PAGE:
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  1. #1
    keith720's Avatar
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    Tactical Combat Casualty Care

    I just took a short class on Tactical Combat Casualty Care. For any cop working the street, I'd highly recommend this course. It teaches some simple basics that may save your life if you're wounded in a firefight. If the class is ever offered to you, take it.
    For the morning will come. Brightly will it shine on the brave and true, kindly upon all who suffer for the cause, glorious upon the tombs of heroes. Thus will shine the dawn.

    Winston Churchill

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    Can you elaborate?
    I'm your huckleberry...

    Quemadmoeum gladis nemeinum occidit, occidentus telum est!

    You can be the weapon, and the gun in your hand is a tool - or the gun is a weapon and you are the tool.


    I was looking for a saint who was a devil of a lover,
    but every girl I found was either one way or the other...



  3. #3
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    Was this the two-day course? I think I posted a thread on one awhile back. I took it in May, it's a great class!

    EDIT: Nope, now that I think about it it was on FB only. Who did you take it through? Was it the DoD course material?
    "If anything worthwhile comes of this tragedy, it should be the realization by every citizen that often the only thing that stands between them and losing everything they hold dear... is the man wearing a badge." -- Ronald Reagan, in the wake of the deaths of 4 CHP troopers in the Newhall Incident, 1970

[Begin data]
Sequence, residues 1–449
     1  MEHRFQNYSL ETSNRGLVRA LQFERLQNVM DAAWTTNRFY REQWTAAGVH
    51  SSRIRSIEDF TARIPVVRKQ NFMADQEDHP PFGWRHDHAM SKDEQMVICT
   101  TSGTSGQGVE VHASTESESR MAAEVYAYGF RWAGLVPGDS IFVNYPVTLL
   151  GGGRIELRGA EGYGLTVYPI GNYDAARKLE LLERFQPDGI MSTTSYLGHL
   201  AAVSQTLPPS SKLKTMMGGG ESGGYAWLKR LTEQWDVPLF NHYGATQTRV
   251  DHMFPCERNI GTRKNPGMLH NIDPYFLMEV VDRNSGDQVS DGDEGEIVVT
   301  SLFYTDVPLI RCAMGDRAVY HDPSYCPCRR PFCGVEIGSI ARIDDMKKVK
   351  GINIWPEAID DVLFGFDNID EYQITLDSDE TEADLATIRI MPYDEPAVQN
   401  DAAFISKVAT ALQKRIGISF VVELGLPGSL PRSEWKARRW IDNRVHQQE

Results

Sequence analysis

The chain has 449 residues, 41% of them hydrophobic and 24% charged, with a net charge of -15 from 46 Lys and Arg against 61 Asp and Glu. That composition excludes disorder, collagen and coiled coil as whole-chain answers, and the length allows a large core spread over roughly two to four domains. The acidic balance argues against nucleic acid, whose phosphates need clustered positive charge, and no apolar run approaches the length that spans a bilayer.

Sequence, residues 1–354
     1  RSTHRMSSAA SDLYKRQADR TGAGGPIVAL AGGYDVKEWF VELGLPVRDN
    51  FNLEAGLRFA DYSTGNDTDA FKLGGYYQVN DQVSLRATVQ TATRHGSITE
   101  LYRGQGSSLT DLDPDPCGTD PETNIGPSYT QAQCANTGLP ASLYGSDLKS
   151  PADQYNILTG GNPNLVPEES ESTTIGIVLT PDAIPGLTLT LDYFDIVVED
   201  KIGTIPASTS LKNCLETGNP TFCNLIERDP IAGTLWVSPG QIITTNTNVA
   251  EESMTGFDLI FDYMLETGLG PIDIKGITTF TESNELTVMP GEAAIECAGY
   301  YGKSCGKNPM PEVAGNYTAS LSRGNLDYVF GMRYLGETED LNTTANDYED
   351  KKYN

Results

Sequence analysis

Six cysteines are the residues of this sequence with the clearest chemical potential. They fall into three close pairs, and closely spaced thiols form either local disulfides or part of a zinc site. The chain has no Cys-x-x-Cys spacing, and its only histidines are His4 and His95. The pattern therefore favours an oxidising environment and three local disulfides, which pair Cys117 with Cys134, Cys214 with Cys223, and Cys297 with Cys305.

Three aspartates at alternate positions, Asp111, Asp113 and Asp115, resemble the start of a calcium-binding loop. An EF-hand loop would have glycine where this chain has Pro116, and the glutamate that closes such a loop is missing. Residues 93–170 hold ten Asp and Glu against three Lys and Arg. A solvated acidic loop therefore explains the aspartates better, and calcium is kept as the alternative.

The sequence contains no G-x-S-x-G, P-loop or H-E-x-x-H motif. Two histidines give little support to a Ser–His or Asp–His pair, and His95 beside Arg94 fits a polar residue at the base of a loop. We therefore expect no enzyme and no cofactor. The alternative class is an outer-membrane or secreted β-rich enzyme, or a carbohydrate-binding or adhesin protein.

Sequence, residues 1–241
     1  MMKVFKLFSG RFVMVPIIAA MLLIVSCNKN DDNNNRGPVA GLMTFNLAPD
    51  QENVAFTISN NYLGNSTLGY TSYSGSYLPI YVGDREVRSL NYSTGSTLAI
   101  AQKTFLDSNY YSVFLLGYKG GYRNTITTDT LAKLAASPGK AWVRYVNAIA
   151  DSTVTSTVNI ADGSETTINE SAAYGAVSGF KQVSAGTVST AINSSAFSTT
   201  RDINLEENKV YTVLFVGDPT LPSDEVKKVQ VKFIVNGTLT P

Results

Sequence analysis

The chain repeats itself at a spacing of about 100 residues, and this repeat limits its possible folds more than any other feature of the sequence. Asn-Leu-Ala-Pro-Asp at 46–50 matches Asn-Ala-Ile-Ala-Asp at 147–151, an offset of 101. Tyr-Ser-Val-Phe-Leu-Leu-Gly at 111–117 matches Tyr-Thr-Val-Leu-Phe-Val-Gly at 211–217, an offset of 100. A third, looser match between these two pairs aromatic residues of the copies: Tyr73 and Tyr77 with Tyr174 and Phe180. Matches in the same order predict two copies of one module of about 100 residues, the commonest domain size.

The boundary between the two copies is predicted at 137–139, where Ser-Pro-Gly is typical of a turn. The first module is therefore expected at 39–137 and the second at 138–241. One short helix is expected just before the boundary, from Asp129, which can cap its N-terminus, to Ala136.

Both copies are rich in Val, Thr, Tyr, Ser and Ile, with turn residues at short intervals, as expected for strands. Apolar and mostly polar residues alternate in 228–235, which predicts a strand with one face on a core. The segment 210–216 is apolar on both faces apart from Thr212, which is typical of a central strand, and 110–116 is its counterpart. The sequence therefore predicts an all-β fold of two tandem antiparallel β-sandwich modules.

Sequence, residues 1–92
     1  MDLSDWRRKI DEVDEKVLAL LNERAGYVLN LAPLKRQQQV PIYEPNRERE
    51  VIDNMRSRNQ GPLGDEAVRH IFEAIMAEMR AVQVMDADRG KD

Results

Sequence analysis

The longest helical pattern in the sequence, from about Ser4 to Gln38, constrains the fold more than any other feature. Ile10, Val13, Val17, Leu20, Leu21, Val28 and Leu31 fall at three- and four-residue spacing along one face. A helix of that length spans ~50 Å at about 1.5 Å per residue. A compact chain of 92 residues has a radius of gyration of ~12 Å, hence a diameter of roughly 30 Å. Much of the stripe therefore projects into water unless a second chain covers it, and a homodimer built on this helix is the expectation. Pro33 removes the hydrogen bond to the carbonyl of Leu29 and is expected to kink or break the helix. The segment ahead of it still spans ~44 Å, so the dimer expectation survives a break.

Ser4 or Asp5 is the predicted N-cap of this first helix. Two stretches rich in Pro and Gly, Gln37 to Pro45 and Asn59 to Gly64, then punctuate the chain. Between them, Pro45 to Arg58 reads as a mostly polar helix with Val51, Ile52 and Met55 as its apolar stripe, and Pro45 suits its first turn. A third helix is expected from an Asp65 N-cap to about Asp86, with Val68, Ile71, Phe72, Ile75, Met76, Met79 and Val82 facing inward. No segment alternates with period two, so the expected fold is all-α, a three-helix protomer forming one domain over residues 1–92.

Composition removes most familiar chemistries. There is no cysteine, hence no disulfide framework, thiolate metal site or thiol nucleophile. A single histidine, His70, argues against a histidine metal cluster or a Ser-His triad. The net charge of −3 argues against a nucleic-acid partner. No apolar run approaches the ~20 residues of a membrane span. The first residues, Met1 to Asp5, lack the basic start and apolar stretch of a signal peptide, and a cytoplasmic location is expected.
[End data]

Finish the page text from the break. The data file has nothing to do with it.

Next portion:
The opinions given in my posts DO NOT reflect the opinions, views, policies, and/or procedures of my employing agency. They are my personal opinions only, thereby releasing my agency of any liability, or involvement in anything posted under the username "121Traffic" on O/R.

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    Mac, mine was a two-day course that is really geared towards soldiers and other military. The powerpoint is DoD-owned, but my training was through a company called Condition Red. My instructors were both current-service guys. One was a bus medic in NYC, the other is a cop on the NYPD Emergency Services unit on their apprehension team.

    It was pretty broad in scope, but the practicals were great. It really boiled down to tourniquet use, wound packing, use of Quikclot or other hemostatic agents, needle decompressions for a tension pneumothorax or other type of chest trauma, and emergency airway management. (NPAs and surgical crichs) Obviously not for use in non-tactical situations or for use on average citizens in a police capacity...if you were non-EMS in the class, it was emphasized this shit was for "This cop is shot and is gonna die without treatment, and we can't get EMS in here because the M-Fer is still shooting" type stuff.

    This was obviously very different modality than the standards of civilian pre-hospital care. We went through all phases of care....Care Under Fire, Tactical Field Care, and Tactical Evacuation. We didn't do a whole lot with TacEvac since we're not landing choppers into hot LZs or anything, which is what most of the presentation covers.